Texas school chief plans to change how the state rates schools
- In his first appearance before the Texas State Board of Education Thursday, the state's new education commissioner, Michael Williams, said that he's thinking about a new system for measuring school success and that it should take districts' progress with closing achievement gaps into account.
- Williams plans to change the way schools are rated by 2013, and his system would establish a rating based on four factors: student progress, student achievement, student post-graduation preparedness and progress in closing the gap for minority and economically disadvantaged students.
- Success in Texas schools and districts is currently measured by student performance on the state's standardized tests, but school officials often complain the program is uncompromising and based on 30 different tests, with schools being labeled "academically unacceptable" for failure in a single area.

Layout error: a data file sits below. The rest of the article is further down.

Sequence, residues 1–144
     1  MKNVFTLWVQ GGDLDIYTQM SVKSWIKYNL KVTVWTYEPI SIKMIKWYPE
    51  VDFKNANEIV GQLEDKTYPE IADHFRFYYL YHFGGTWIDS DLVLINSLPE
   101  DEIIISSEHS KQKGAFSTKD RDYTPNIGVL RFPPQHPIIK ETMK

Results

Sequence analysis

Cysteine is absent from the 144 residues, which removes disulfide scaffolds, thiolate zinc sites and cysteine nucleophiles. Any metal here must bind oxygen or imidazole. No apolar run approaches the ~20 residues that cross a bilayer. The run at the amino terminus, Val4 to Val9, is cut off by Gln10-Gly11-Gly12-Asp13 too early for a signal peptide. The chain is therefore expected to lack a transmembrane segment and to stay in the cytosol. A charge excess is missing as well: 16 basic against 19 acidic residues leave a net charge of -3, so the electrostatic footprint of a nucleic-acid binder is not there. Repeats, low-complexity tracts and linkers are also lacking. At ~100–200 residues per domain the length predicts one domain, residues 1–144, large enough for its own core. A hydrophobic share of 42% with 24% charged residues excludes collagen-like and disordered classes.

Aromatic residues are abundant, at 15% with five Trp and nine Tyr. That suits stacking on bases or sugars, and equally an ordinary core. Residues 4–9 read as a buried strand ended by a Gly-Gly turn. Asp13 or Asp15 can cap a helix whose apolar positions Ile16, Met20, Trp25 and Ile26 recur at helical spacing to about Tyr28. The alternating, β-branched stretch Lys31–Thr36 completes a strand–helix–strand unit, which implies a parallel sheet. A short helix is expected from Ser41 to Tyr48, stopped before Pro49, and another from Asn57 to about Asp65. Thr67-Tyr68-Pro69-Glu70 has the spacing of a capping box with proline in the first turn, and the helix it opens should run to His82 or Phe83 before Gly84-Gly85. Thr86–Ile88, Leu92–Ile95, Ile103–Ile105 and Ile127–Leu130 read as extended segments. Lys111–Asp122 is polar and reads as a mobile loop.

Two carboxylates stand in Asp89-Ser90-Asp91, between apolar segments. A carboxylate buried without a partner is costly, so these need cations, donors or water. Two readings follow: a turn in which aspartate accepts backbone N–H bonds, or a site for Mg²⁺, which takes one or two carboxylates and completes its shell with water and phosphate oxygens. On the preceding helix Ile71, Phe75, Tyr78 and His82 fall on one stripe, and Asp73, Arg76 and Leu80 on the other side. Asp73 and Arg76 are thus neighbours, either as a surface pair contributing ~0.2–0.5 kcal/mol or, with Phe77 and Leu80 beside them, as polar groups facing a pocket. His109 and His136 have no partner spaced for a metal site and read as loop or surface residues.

From the article:
Texas' new education commissioner said Thursday that he is considering a new system for rating school success and he thinks it should take into account how well districts are closing the achievement gap between Anglo and minority students. Michael Williams made his first appearance before the State Board of Education since Gov. Rick Perry appointed him to the job in August. He said he plans to change how schools are rated by March 2013. ...
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